Social Networks and your Privacy

By | January 12, 2010

Everyone seems to be discussing online privacy, especially related to social networks. From the obvious candidates such as facebook and twitter, to youtube, flickr and others. People especially not used to social networks are highly concerned about the lack of privacy. The gist from recent conversations I’ve had, hasn’t been the obvious ‘sensitive information’ concerns, but shock at what people share and really is there any point to being involved in ‘social networks’, especially their business. Whereas the reality is everyone has been since day one, just different ones.

Your local pub doesn’t warn you what to say, unless you make a nuisance of yourself. Your business breakfast meeting doesn’t have a guideline on how to dress. The conference organisers don’t stop you at the door and give you a five minute walk through of ‘conference etiquette’. I’ve seen nudity in pubs, heard horrendous conversations at breakfast meetings and met people suffering hangovers at conferences, trying to keep their breakfast down whilst representing their organisations. The problem obviously being it’s logged, often search engine friendly and viewable to thousands if online. There will be and are those who regret what they’ve shared (done), same as the ‘offline’ world.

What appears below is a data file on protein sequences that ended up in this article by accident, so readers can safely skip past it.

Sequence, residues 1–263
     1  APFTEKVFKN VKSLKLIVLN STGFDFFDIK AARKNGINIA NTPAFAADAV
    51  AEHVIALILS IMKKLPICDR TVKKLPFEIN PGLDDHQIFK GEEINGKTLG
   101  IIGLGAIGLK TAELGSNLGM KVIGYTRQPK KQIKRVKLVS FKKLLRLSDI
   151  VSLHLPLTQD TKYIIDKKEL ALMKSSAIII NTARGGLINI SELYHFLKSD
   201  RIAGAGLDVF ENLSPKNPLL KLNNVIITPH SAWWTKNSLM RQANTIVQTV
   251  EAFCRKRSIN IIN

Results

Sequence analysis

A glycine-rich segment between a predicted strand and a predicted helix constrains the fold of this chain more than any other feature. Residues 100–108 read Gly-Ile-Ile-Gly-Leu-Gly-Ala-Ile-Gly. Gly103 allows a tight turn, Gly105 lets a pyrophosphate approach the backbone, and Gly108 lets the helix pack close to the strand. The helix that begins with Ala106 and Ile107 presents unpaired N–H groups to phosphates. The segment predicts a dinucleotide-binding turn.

The reality is that younger generations are finding it easier to cope and appear to have less barriers and concerns than those decades older, who have been voicing their concerns to me recently (from 33yrs to 69yrs old).  Youtube was only formed in 2005, Flickr 2004 and twitter 2006.  These also are young organisations responding to the demand and always adapting to provide new features to increase visitors. Providing new ways to ‘engage’. I hope those who voiced their concerns to me recently, do join soon.  Bringing experience and views to the ‘conversation’, enriching it for all.

So what it all boils down to is…. common sense. As people become more familiar with online social networks, many will forget the concerns of the past and just adapt. I believe though we should have better support for the vulnerable online. Which still should be improved offline also!

As for those sharing what their ate for breakfast or what the weather is like. You can choose who to follow, whether to watch and listen and what you devote your time and energy to. You can choose whether to just provide links to your latest blog post, respond to people’s content or explore new ways of providing support etc. Social networks are not one size fit all. Pretty much the same for offline social networks if you ask me.